Turkey’s touristic resorts almost empty as crisis deepens in sector
Burak Coşan – ANTALYA
AA photoAs Turkey’s tourism sector faces one of its worst ever years due to diplomatic problems with Russia and rising security concerns, all popular touristic resorts are almost empty, hitting not only hotels but also restaurants and shops.
The number of foreign visitors to Turkey decreased by 16.5 percent to 5.82 million in the first four months of this year compared to the same period of 2015, according to official data. The number of foreign arrivals visiting Turkey slumped by 28 percent in the month of April to 1.75 million compared to the same month of 2015, marking the steepest decline since May 1999.
In many touristic resorts and towns in the Mediterranean, which were once very popular among European and Russian tourists, the crisis is clear simply from looking at the almost empty streets, the lines of available taxis, and the empty local stores.
Airports are also almost deserted, and flights to the major airports of Turkey’s Mediterranean region are full of empty seats, unlike in typical touristic seasons.
An employee from a car rental company near Antalya’s Alanya resort said their business is very calm this year compared to previous summers.
“Our revenue has almost halved this year. This month is almost like a winter month,” said Cumali Bora, the owner a handmade soap shop.
‘Worst in years’
A restauranteur in Alanya said they had been in business for 16 years but had never seen such a bad season as this year.
“We are currently seeing the worst days ever since our opening. We expected foreign arrivals from countries other than Russia, but nobody came up,” said Cengiz Topal in front of his restaurant.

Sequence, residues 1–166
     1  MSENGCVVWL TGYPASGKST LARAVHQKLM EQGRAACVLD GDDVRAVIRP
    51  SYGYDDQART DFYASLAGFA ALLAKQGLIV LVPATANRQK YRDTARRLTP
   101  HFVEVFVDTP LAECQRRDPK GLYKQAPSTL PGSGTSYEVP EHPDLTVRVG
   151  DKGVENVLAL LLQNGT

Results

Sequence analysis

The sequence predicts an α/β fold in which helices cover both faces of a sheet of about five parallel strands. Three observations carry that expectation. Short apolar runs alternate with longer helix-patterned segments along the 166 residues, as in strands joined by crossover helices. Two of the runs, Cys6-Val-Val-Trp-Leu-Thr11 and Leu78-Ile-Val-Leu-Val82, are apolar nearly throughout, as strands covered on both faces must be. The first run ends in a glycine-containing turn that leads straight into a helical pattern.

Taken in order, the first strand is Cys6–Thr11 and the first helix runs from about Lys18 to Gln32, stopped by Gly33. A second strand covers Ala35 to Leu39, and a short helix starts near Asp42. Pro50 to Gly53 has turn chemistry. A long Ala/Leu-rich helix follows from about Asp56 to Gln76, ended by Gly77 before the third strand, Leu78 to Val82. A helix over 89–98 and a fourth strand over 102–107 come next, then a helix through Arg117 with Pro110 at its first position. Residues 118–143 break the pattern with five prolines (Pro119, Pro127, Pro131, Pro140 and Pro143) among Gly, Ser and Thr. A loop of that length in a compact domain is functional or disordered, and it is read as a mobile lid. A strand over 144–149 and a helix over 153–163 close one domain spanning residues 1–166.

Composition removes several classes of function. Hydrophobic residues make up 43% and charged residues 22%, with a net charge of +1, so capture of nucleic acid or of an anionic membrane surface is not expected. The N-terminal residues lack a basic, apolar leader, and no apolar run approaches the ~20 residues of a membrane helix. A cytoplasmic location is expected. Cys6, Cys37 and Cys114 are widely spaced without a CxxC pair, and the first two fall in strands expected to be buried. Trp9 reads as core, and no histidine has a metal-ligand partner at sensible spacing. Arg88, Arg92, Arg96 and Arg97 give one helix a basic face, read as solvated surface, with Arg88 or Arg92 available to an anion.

The number of Russian tourists visiting Antalya has dropped by 96 percent amid the ongoing diplomatic crisis between Turkey and Russia. The number of German tourists fell by 30 percent in the first five months of the year compared to the same period of 2015, according to official data.
One hotelier in Alanya said he had to cut the number of his staff members from 360 last year to 220 this year. Even this figure is high as the occupancy rate in the hotel has fallen from 85 percent to 25 percent.
“And this is when our hotel is in one of the best positions in the town now. So think about others,” he said.
Another hotelier in Antalya’s Kemer district said he had opted to not open one of his five star hotels this year due to the huge drop in reservations.
“We have even been unable to ensure high occupancy rates in just one of our hotels that is open,” he added.
One businessman in Belek, another town in Antalya, said he has two glass shops in the town, but he plans to close one of them as demand is too low amid the tourism slump.
“We cannot even afford the rents, which are around 60,000 euros annually. While we made around 4,000 Turkish Liras of daily revenue last year, this has now fallen to just 200 liras,” he noted.